If the $2,900 is used to pay off the $10,000 loan,''In a couple of years, they would have paid off the debt and would own equity in the rental unit,'' Mr. Pechter says.
* Using debt to help cut taxes and finance a college education. One popular approach is to borrow money, perhaps by securing a second mortgage, and then lend funds interest free to a child to help finance his education.
Experts note that there is some slight risk in such an arrangement. In the past the Internal Revenue Service has fought such loans but usually the service has lost when the issue went to court. Despite one recent court victory, IRS Commissioner Roscoe Egger Jr. earlier this month told reporters that ''we lost'' the issue and ''should leave it in the lap of Congress.''
In such a plan, an individual might borrow $50,000 and then loan the funds to a child, interest free. The child buys a certificate of deposit with the money, earning annual interest of $5,000. Since the funds are subject to taxes at the child's low rate, $4,400 might be left after taxes, Mr. Pechter estimates.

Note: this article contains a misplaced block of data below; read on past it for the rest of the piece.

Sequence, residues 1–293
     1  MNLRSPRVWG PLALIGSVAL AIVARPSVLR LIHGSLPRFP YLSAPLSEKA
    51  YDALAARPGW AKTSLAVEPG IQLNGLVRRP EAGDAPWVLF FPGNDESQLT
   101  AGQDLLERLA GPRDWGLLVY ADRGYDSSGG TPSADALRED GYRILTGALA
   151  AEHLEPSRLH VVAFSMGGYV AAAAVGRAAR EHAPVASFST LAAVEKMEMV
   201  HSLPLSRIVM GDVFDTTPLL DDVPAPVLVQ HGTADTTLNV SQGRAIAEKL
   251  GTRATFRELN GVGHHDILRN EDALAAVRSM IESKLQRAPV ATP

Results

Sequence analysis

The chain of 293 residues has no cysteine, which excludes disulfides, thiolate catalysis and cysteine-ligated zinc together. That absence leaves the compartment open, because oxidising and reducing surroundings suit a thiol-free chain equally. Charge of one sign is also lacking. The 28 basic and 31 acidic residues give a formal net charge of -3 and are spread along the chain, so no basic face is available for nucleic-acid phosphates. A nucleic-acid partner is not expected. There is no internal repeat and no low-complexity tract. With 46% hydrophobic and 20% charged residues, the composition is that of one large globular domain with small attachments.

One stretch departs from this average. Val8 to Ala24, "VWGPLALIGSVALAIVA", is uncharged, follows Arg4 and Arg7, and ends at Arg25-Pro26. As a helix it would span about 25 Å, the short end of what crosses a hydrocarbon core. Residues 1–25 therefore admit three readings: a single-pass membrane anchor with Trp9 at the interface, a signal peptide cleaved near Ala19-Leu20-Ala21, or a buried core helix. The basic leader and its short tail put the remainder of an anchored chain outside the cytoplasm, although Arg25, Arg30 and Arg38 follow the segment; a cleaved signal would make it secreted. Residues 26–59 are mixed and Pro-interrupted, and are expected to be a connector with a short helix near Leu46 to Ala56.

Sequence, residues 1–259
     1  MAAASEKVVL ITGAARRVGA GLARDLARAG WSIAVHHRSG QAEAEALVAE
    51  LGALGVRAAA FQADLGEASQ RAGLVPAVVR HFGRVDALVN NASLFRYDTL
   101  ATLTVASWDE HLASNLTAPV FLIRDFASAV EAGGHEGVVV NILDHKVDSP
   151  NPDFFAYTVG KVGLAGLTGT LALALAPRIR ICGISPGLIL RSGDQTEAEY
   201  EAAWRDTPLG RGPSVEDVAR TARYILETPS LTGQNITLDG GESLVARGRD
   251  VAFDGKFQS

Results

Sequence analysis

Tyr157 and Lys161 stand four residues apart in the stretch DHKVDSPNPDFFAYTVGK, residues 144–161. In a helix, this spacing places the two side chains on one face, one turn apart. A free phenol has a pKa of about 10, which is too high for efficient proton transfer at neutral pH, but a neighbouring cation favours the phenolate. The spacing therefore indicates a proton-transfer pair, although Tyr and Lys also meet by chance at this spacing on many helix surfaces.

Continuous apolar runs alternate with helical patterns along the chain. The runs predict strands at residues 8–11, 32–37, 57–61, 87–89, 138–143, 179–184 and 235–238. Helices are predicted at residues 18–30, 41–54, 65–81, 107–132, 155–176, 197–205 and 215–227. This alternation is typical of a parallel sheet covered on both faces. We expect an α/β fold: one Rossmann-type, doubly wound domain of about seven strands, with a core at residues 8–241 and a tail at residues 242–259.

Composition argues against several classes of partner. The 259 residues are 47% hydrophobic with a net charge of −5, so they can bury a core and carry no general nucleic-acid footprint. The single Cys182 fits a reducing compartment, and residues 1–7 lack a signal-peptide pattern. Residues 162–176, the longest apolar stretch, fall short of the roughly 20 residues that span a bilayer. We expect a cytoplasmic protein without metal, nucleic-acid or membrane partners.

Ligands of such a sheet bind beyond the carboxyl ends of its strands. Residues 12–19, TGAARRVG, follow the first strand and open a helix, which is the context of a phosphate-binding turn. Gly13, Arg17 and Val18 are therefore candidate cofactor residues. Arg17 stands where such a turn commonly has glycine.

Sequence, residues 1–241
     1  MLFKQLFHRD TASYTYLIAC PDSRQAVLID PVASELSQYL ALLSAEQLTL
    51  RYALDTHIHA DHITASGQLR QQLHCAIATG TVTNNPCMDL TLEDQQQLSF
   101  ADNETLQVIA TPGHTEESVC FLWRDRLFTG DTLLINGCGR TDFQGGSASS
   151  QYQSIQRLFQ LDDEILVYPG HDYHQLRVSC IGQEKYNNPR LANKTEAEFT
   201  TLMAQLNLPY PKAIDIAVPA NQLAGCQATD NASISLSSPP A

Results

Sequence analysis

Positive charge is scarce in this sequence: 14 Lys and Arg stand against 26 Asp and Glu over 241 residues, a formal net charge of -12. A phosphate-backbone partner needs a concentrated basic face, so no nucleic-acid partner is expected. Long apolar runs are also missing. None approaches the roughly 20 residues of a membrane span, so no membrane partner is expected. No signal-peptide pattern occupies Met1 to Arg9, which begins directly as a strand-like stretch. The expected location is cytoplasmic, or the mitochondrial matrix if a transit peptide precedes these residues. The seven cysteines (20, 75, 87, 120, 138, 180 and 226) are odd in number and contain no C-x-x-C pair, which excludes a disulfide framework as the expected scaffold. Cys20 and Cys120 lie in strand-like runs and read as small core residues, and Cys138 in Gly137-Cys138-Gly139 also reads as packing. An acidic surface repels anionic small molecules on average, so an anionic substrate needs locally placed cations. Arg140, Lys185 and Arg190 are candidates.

If the parent borrowed the money at 12 percent, his interest cost would be $6 ,000. But since interest expenses are tax deductible, the aftertax cost of the loan would be roughly $3,600.
''The child has $4,400 in hand, the parent is out of pocket $3,600 and we have created $800 out of nothing,'' Mr. Pechter notes.
* Borrowing to allow purchase of tax-free bonds. Advisers note that interest on a loan used to purchase tax-free municipal bonds is not deductible for tax purposes. But if, for example, an individual has saved enough money to buy a new luxury car, he might instead take a loan to finance the car and use the accumulated funds to buy a municipal bond.
If the individual bought a $20,000 bond, it might pay 10 percent annually, or considering the tax saving from deducting the interest expense, the cost would be only $1,500. So, Mr. Pechter notes, the individual has received $2,000 but paid out $1,500, leaving him ahead $500 on the transaction.